In my reading through support groups, articles, and just listening to the “chatter”, so to speak, in eating disorder circles, I hear more and more about advocacy.  I think that advocacy is very beneficial and I am in full support of most types of eating disorder advocacy.  I support advocacy for improved education, the elimination of the calculation of BMI’s, and certainly the overall advocacy of the elimination of the stigma of mental illness to name a few.

What I have been reading lately is advocacy in the form of yelling at store clerks for making a suggestion to use a product with less sugar to restore electrolytes, at a healthcare professional for using the term “empty calories”, at a waitress for asking if dessert would be desired after the meal or commenting that the meal must have been good because the plate is “clean”.   I have also recently seen a push to have restaurants stop posting nutrition information in the menu section and also on the labels of food packages.

It is easy to understand where this is coming from and in certain cases I agree with the action taken.  It is coming from the fact that a very stressed out caregiver is scared to death that the comment, nutrition information, etc., might trigger their child or loved one and start a relapse or simply speed up the relapse already in progress.  The reality is also that the caregiver doing the admonishing was as triggered as the person suffering from the eating disorder.  I have been there many times.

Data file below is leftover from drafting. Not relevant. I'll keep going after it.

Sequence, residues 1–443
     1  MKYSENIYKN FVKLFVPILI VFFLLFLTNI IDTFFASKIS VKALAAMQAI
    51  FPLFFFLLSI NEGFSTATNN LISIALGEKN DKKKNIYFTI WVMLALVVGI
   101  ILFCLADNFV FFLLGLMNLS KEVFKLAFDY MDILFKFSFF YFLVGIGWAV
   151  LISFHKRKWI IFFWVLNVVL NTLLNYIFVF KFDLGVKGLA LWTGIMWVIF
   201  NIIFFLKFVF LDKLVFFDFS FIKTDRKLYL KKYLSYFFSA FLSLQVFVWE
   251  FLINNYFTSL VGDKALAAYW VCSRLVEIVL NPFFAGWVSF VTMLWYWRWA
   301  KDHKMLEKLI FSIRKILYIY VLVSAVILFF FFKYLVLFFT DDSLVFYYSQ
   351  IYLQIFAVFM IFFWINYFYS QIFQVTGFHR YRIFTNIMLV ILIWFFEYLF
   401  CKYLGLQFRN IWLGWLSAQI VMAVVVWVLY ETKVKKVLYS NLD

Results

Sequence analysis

Triggers are those things that remind us of something unpleasant, and in many cases, make us feel as if we are right back in that time and place again.  They are things that we see or hear (sometimes other senses can be involved as well) which causes us to, in the case of eating disorders, have doubts about our methods of recovery or even if we should recover, cause an increase in urges to act on eating disorder behaviors, negatively impact our body image, etc.  They focus the minds of eating disorder sufferers back to thoughts and behaviors which were/are harmful.  They are similar in some ways to a flashback.  Sometimes this can catalyze a relapse.

Triggers are not unique to those suffering from eating disorders.  Caregivers can be triggered as well.  Seeing someone dressed in running clothes or driving by where a 5K is in progress makes my entire body tense.  My daughter has a medical illness that has caused her to have difficulty maintaining her weight (see “I am not my Brother”) and when she tells me that she is having difficulty eating due to nausea, etc., my anxiety level soars before I ever realize it has left the ground.  All reason seems to leave my mind without so much as a wave or even a whisper that it is going; my first clue comes simply when it is gone and I am pouncing on her about an eating disorder she doesn’t have.

There are really few of us in this world that don’t have “triggers” related to something.  There are triggers for those suffering from trauma, PTSD, addiction, physical illness, care-giving to elderly parents, spouses, or other relatives with other medical conditions.  There is no limit to the number of reasons a person could be “triggered” by something.